We have investigated the foaming properties of mixtures of a hydrocarbon oil solvent with various low molar mass, polymeric and overbased detergent particle additives used in lubricating oils. Foam formation occurs only when the additive concentration and temperature are such that the single-phase mixtures are close to a phase separation boundary when solvent affinity for the solute is low. This is likely to maximise the tendency of the solute to adsorb at the liquid-air surface and thereby promote foam formation. Multi-phase mixtures either maintain or suppress the foamability of the single-phase mixtures. The foams formed contain spherical, polydisperse gas bubbles and liquid volume fractions greater than about 20 vol.% indicating they are " wet" , transient foams in which the adsorbed solute films at the liquid-air surface can affect liquid drainage but are incapable of resisting coalescence between contacting bubbles. Consistent with this model, the foam half-life is found to scale with the kinematic viscosity of the liquid. © 2010 Elsevier B.V.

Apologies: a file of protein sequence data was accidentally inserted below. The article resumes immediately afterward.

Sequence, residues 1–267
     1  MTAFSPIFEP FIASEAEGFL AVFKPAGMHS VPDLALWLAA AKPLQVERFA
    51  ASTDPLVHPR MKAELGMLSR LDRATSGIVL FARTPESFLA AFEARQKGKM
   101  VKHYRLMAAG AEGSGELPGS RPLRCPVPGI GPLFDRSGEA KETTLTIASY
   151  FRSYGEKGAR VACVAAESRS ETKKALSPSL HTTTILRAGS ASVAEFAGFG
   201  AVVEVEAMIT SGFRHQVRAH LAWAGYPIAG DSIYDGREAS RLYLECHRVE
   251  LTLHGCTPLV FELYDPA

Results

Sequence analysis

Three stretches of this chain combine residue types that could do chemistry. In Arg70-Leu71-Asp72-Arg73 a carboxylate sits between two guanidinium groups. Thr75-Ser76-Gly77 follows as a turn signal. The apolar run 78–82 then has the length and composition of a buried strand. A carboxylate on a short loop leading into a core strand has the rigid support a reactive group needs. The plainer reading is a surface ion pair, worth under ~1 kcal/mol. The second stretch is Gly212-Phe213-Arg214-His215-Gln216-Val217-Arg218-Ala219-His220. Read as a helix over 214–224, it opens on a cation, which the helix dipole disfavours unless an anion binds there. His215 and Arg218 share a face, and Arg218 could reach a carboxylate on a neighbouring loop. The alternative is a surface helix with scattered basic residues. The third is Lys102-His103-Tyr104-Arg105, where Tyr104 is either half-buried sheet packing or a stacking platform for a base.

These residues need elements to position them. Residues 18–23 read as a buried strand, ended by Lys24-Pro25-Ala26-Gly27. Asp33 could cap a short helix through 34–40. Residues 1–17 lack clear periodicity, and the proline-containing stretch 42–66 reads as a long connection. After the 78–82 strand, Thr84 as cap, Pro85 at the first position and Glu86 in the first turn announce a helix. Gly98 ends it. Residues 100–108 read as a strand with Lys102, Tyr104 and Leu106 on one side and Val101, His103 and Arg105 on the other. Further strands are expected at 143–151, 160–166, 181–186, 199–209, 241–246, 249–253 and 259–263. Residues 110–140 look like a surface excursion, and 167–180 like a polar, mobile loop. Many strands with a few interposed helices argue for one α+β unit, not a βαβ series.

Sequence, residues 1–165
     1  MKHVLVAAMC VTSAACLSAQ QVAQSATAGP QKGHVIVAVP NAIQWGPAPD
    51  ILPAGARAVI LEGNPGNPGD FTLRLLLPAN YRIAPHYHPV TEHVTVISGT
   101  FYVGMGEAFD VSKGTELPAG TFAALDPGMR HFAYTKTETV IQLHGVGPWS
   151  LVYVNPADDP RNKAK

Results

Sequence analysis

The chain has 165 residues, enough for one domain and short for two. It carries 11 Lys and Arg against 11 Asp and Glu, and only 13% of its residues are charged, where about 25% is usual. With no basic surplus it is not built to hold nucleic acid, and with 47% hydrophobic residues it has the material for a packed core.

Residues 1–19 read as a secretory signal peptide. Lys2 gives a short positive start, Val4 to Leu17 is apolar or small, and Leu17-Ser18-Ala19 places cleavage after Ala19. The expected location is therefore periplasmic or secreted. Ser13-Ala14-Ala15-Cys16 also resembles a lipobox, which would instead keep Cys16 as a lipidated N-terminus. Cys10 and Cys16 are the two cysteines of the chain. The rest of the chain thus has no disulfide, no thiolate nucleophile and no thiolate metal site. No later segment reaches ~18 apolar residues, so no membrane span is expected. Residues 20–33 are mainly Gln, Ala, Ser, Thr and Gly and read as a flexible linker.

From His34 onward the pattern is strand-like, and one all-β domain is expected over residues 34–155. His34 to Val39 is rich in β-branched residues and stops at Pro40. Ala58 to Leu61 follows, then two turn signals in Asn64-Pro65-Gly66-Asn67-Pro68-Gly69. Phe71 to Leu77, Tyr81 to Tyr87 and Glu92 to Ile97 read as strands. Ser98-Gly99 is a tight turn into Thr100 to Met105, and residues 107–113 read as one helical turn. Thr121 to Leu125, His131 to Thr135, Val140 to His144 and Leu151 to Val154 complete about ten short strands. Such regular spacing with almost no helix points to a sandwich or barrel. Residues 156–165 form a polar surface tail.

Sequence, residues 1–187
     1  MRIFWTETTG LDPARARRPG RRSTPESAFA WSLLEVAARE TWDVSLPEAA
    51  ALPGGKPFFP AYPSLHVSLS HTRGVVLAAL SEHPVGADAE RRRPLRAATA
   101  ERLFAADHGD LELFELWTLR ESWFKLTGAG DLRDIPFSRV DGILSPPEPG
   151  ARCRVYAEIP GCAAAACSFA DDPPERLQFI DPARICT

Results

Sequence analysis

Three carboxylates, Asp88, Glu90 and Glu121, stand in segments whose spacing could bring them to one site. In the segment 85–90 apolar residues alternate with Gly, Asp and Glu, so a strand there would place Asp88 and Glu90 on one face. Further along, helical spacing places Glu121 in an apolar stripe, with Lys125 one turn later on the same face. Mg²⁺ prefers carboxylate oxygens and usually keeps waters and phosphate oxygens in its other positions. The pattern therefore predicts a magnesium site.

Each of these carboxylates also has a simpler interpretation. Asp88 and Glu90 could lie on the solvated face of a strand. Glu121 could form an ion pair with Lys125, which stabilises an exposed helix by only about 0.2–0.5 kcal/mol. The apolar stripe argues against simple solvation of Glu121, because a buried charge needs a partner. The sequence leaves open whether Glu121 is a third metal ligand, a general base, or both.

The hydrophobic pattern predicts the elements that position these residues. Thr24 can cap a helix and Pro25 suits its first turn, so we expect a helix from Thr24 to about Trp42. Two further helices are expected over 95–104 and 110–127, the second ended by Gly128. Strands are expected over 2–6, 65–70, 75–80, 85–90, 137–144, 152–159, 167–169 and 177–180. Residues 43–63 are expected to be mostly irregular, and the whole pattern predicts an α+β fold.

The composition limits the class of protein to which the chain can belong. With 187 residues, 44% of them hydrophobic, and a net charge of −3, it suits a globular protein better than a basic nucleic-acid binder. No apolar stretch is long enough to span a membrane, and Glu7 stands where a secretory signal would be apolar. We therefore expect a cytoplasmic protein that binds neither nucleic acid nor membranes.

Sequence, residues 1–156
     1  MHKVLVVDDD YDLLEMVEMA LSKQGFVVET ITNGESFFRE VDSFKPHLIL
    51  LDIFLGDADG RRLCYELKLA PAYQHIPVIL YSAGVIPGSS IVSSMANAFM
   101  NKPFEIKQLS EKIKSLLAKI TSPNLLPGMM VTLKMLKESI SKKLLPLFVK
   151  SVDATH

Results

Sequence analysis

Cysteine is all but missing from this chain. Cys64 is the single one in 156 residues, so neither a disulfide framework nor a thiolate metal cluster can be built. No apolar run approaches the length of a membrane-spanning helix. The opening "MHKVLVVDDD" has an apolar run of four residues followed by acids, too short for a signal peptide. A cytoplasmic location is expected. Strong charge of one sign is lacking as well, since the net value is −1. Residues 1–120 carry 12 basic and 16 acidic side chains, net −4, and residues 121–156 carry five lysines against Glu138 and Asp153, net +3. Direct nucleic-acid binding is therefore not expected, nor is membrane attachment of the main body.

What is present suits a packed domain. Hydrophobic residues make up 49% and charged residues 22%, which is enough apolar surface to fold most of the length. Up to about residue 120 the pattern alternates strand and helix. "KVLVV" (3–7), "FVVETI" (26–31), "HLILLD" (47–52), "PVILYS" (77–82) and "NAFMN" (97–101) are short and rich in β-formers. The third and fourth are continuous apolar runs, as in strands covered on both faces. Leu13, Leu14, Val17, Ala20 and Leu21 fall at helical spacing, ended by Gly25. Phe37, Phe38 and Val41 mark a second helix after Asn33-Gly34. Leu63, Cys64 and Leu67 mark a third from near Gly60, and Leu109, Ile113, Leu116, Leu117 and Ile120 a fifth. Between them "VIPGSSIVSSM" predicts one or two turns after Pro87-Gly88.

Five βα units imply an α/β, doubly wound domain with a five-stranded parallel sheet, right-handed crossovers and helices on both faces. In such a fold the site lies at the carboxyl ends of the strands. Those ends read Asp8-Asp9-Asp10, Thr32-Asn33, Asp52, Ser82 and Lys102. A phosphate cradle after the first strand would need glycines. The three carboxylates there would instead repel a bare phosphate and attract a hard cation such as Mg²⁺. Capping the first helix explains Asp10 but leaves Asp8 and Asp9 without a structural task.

Binks, B., Davies, C., Fletcher, P., & Sharp, E. (2010). Non-aqueous foams in lubricating oil systems. Colloids and surfaces. A, Physicochemical and engineering aspects, 360(1-3), 198-204. https://doi.org/10.1016/j.colsurfa.2010.02.028